• Increased efficiency, cost and time savings
  • Software updates and enhancements more rapidly available
  • Ease of adding new connection points without changing operational procedures
  • Streamlined deployment, training and oversight
  • Ease of access (work, home, domestic, international)
  • Automated matching and posting of data, resulting in decreased human errors associated with manual or redundant data entry into disparate systems
  • Improved flexibility and scalability as the organization evolves and grows
  • Greater insight into enterprise A/R activities
  • Simplified dashboard-driven reporting
  • Improved cash flow and accelerated payment processing speed
  • Lower investment (both initial and ongoing) in hardware, software and personnel to support the system/environment
  • Increased security through end-to-end encryption, tokenization, and storage of payment data

Security Concerns

Despite the significant maturity that is taking place within the security technology landscape, data security—or perhaps more specifically, skepticism surrounding data security—remains one of the primary objections for businesses considering the move to the cloud.

According to a 2014 Trustwave Global Security Report, the primary data type targeted by attackers is cardholder data. There is a well-established underground marketplace for stolen payment card data, which is bought and sold quickly for use in fraudulent transactions. One benefit of cloud-based processing is that card and payment data can be encrypted (and tokenized as necessary) when it’s stored or processed on cloud platforms. What’s more, when leveraging cloud-based payment systems, no payment data is stored locally on the device—greatly reducing the risk of this sensitive data falling into the wrong hands.

For those organizations with limited in-house IT resources, the added benefit of an outsourced payment processing partner with expertise in payment security can help ease the stress of security and compliance checks and balance and allow you to focus on your core business.

Businesses should look for payment partners that meet the appropriate levels of PCI DSS security standards and utilize end-to-end encryption to securely operate, manage and control the payment data components from the host operating system and virtualization layer, all the way down to the physical security of the facilities where payments are being accepted and/or monitored. Businesses can confirm their cloud provider complies with those PCI compliance requirements by obtaining the providers’ Attestations of Compliance and audit reports. These reports should be taking place on an annual basis and be readily available upon request.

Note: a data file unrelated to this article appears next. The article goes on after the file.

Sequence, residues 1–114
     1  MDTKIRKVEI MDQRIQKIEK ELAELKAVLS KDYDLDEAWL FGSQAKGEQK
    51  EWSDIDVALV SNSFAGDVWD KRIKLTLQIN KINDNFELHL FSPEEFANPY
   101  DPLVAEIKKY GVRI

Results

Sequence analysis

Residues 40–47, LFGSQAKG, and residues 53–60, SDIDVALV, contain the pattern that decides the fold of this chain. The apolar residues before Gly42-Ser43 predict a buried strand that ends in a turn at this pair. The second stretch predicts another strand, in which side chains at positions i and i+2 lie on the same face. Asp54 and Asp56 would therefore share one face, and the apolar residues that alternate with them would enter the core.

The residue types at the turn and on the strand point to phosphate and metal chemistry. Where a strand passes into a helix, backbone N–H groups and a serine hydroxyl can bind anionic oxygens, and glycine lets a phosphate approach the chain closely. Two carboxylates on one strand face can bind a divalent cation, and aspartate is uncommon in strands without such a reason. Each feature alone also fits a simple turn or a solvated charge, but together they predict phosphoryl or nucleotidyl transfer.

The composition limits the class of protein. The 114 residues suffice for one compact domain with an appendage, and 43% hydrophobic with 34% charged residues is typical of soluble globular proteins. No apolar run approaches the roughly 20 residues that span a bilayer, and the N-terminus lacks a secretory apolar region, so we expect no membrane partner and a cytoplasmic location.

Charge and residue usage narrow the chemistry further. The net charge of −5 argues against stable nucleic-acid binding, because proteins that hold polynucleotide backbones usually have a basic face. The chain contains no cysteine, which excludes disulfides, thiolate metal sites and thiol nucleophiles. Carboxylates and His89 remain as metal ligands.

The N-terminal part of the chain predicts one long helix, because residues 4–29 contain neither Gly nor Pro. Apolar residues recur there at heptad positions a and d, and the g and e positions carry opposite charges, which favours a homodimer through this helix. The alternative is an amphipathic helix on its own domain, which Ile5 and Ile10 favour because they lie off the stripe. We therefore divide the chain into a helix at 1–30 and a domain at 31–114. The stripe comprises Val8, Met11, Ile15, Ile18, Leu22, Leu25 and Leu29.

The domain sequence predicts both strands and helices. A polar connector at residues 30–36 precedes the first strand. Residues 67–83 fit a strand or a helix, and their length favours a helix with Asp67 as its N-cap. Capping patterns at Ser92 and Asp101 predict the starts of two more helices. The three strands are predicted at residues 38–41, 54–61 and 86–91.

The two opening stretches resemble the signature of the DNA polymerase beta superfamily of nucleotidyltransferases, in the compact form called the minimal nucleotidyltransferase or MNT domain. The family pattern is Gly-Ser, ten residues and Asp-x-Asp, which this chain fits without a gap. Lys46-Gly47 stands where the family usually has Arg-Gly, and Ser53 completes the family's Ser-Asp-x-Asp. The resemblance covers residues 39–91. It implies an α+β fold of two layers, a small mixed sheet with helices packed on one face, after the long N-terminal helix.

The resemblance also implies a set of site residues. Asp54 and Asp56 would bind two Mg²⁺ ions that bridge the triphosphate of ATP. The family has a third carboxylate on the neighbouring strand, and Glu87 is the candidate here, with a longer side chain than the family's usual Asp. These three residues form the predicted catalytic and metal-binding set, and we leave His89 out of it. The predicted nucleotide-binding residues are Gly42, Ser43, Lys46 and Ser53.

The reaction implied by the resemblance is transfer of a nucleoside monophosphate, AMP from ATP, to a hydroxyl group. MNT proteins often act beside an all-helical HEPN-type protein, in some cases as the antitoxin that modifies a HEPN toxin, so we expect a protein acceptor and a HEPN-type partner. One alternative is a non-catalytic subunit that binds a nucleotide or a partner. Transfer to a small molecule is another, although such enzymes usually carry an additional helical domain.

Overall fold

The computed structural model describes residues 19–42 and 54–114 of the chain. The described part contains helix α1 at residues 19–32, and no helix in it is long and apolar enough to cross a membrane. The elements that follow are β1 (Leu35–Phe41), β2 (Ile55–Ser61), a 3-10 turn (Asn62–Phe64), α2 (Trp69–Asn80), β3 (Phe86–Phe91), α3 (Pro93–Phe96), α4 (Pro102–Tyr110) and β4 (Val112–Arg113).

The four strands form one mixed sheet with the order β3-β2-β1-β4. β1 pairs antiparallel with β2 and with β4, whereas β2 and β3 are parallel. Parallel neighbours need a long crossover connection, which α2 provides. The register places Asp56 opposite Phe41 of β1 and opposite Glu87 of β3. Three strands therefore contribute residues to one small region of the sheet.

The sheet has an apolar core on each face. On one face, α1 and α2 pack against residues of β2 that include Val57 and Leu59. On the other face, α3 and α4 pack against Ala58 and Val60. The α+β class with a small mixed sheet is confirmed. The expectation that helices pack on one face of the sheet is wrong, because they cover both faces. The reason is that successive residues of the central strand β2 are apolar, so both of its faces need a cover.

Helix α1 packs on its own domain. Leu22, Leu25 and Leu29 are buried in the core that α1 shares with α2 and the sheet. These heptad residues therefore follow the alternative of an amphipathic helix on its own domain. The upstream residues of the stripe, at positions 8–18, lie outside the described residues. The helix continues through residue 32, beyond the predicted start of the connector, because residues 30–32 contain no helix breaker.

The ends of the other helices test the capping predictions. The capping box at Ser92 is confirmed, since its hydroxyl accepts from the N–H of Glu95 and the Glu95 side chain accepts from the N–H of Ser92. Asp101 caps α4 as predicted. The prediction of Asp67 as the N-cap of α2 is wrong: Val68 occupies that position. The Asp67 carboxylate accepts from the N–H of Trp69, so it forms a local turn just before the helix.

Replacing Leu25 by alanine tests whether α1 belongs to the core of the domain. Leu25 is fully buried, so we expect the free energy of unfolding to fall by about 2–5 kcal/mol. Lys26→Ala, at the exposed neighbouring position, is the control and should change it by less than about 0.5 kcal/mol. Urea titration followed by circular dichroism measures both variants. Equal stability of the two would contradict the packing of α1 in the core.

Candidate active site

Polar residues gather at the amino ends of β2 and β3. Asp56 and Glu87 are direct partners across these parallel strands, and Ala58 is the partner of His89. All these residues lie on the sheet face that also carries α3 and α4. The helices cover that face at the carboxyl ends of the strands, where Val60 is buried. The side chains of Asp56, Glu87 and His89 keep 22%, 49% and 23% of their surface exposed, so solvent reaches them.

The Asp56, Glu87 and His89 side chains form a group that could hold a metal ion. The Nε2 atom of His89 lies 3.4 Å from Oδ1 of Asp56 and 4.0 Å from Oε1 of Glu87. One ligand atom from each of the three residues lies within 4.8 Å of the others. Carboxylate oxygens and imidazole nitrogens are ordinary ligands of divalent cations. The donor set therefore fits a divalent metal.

Anyone familiar with cyber security is well aware that the bad guys have an excess of time and resources on their side, and are becoming more skilled each day. However, cloud payment safety concerns can be assuaged with some due diligence from the business.

FireHost CEO, Jim Lewandowski advises, “To adequately protect against outside threats, you must implement multi-layered security controls to go above and beyond the baseline requirements of your regulatory organization.” For companies looking to securely process payments in the cloud, this means ensuring that not only the payment platform or application layer itself is compliant in key areas such as PCI DSS and HIPAA, but to also seek partners who can bring best practices, expertise and proactive security processes at the data center and hosting layer as well.

With a trusted provider, the benefits of cloud-based payment processing are numerous and can have a significant, positive impact to both your customer experience and your bottom line. As with all things in business, in order to be successful, you must find the right balance of technology, people and processes to align with your strategic objectives. Moving your payment processing to the cloud is no exception to this principal.

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Originally published January 14, 2015.